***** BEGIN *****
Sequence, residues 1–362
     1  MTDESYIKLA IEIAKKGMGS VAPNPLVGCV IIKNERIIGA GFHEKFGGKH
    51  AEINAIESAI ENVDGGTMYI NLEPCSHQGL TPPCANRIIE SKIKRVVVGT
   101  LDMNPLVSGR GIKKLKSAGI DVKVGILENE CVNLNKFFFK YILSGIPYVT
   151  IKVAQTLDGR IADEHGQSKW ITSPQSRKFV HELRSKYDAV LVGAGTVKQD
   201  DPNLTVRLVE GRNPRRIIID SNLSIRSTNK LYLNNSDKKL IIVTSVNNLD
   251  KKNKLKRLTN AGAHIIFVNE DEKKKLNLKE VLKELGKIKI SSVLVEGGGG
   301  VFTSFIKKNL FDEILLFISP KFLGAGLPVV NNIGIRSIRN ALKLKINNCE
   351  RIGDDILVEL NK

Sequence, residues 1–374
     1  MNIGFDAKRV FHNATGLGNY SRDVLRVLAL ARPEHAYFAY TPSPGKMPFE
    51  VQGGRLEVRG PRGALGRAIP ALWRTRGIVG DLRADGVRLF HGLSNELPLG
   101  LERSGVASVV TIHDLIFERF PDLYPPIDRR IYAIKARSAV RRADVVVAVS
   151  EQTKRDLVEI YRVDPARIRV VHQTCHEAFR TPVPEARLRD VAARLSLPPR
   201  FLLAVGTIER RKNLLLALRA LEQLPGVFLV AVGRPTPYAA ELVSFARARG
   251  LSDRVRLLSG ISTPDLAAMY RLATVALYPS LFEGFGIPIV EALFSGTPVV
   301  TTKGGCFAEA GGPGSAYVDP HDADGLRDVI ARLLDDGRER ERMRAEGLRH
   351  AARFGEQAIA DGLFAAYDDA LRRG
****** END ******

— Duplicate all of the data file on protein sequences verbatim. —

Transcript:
Sequence, residues 1–362
     1  MTDESYIKLA IEIAKKGMGS VAPNPLVGCV IIKNERIIGA GFHEKFGGKH
    51  AEINAIESAI ENVDGGTMYI NLEPCSHQGL TPPCANRIIE SKIKRVVVGT
   101  LDMNPLVSGR GIKKLKSAGI DVKVGILENE CVNLNKFFFK YILSGIPYVT
   151  IKVAQTLDGR IADEHGQSKW ITSPQSRKFV HELRSKYDAV LVGAGTVKQD
   201  DPNLTVRLVE GRNPRRIIID SNLSIRSTNK LYLNNSDKKL IIVTSVNNLD
   251  KKNKLKRLTN AGAHIIFVNE DEKKKLNLKE VLKELGKIKI SSVLVEGGGG
   301  VFTSFIKKNL FDEILLFISP KFLGAGLPVV NNIGIRSIRN ALKLKINNCE
   351  RIGDDILVEL NK

Sequence, residues 1–374
     1  MNIGFDAKRV FHNATGLGNY SRDVLRVLAL ARPEHAYFAY TPSPGKMPFE
    51  VQGGRLEVRG PRGALGRAIP ALWRTRGIVG DLRADGVRLF HGLSNELPLG
   101  LERSGVASVV TIHDLIFERF PDLYPPIDRR IYAIKARSAV RRADVVVAVS
   151  EQTKRDLVEI YRVDPARIRV VHQTCHEAFR TPVPEARLRD VAARLSLPPR
   201  FLLAVGTIER RKNLLLALRA LEQLPGVFLV AVGRPTPYAA ELVSFARARG
   251  LSDRVRLLSG ISTPDLAAMY RLATVALYPS LFEGFGIPIV EALFSGTPVV
   301  TTKGGCFAEA GGPGSAYVDP HDADGLRDVI ARLLDDGRER ERMRAEGLRH
   351  AARFGEQAIA DGLFAAYDDA LRRG